On May 5, the Food and Drug Administration announced that it was updating the use of the Johnson & Johnson COVID-19 vaccine. Its use has now been limited to people ages 18 or older who can’t get a different COVID-19 vaccine (either because they don’t have access to it or it’s not “clinically appropriate” for them — if they had a strong allergic reaction to an mRNA COVID shot in the past, for instance) or who refuse to get a different approved or authorized COVID-19 vaccine.
“After conducting an updated analysis, evaluation and investigation of reported cases, the FDA has determined that the risk of thrombosis with thrombocytopenia syndrome (TTS), a syndrome of rare and potentially life-threatening blood clots in combination with low levels of blood platelets with onset of symptoms approximately one to two weeks following administration of the Janssen COVID-19 Vaccine, warrants limiting the authorized use of the vaccine,” the FDA press release announcing the update stated.
This is not the first time there have been concerns about the risks associated with the Johnson & Johnson COVID-19 vaccine. In April 2021, shortly after the Food and Drug Administration granted it emergency use approval, federal agencies recommended a temporary pause in distribution of the J&J vaccine after six women developed this rare blood-clotting disorder following vaccination. Eleven days later, however, the pause was lifted.
If you’ve received a J&J shot, you may be concerned — understandably so. Fortunately, these complications appear to be extremely uncommon, and the risk seems to be highest within one or two weeks of getting the J&J vaccine. The FDA said they’d identified 60 cases of TTS and nine deaths, but The New York Times reports that’s out of 18 million doses administered. “The FDA has determined that the reporting rate of TTS is 3.23 per million doses of vaccine administered and the reporting rate of TTS deaths is 0.48 per million doses of vaccine administered,” the FDA’s press release said.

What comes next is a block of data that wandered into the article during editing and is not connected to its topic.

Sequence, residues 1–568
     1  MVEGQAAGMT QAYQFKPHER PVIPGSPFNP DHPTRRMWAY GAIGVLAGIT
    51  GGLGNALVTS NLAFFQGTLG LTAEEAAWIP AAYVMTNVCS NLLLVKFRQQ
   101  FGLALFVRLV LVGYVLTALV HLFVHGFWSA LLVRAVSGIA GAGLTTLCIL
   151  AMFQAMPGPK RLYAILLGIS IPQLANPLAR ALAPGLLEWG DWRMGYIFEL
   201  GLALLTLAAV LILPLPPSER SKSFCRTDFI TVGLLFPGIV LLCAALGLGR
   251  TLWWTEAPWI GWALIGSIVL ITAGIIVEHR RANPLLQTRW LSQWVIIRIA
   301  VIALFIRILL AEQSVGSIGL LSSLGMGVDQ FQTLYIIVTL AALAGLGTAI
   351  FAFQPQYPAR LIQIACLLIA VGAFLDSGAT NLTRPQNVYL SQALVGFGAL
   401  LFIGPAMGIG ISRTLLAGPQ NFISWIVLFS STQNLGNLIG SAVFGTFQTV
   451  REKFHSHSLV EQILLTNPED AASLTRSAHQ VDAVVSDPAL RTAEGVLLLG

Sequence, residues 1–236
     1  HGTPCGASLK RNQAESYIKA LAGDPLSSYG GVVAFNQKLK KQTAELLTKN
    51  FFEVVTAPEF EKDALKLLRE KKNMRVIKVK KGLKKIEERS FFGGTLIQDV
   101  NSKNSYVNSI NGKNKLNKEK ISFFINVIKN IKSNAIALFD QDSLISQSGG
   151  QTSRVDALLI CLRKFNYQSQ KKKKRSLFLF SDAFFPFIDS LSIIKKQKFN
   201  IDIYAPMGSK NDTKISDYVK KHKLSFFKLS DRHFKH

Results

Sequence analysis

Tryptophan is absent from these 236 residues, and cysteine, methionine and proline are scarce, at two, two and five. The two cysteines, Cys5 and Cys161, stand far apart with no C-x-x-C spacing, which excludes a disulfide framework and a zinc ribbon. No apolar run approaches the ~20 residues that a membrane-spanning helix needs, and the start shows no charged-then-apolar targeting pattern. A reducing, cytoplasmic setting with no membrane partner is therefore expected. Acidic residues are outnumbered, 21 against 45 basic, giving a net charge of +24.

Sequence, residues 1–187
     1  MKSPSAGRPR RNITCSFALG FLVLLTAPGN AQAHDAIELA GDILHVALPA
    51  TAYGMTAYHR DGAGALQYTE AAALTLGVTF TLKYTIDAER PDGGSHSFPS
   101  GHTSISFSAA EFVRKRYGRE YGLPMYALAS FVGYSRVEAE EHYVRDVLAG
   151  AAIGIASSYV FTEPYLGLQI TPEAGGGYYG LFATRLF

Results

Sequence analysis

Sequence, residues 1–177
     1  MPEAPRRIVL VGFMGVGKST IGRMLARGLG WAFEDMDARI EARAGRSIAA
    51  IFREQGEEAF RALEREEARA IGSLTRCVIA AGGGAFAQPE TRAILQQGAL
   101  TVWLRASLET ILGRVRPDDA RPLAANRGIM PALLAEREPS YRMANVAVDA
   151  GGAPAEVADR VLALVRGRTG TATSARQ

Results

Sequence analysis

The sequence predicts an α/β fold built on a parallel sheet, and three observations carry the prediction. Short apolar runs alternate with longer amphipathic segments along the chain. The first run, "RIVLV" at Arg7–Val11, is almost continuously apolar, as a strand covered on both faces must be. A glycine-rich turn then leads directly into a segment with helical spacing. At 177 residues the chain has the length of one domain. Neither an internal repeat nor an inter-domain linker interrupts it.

Still, it’s good to know what symptoms to look out for in the days and weeks following your appointment, if you have recently received a J&J vaccine.
For people who got the vaccine within the last couple of weeks, developing severe headaches, abdominal pain, leg pain, or shortness of breath are all cause for concern, says Anne Schuchat, MD, principal deputy director of the Centers For Disease Control (CDC). If you’re experiencing these symptoms “you should contact your health care provider and seek medical treatment,” says Dr. Schuchat.
“Treatment of this specific type of blood clot is different from the treatment that might typically be administered,” the Food and Drug Administration and CDC explained in a joint, April 2021 statement. “Usually, an anticoagulant drug called heparin is used to treat blood clots. In this setting, administration of heparin may be dangerous, and alternative treatments need to be given.” While this complication seems to be extremely rare, it’s important to listen to your body and call your doctor if you’re concerned.
The FDA plans to continue to monitor the safety of the J&J vaccine. “We recognize that the Janssen COVID-19 Vaccine still has a role in the current pandemic response in the United States and across the global community,” Peter Marks, MD, PhD, director of the FDA’s Center for Biologics Evaluation and Research, said in the FDA statement. “Our action reflects our updated analysis of the risk of TTS following administration of this vaccine and limits the use of the vaccine to certain individuals.”
In March, the CDC recommended that people who’d received a J&J vaccine get a booster shot of a mRNA vaccine. Health officials are still stressing the importance of getting vaccinated against COVID-19; both Moderna and Pfizer offer mRNA vaccines that are safe and effective against the virus.
POPSUGAR aims to give you the most accurate and up-to-date information about the coronavirus, but details and recommendations about this pandemic may have changed since publication. For the latest information on COVID-19, please check out resources from the WHO, the CDC, and local public health departments.
— Additional reporting by Mirel Zaman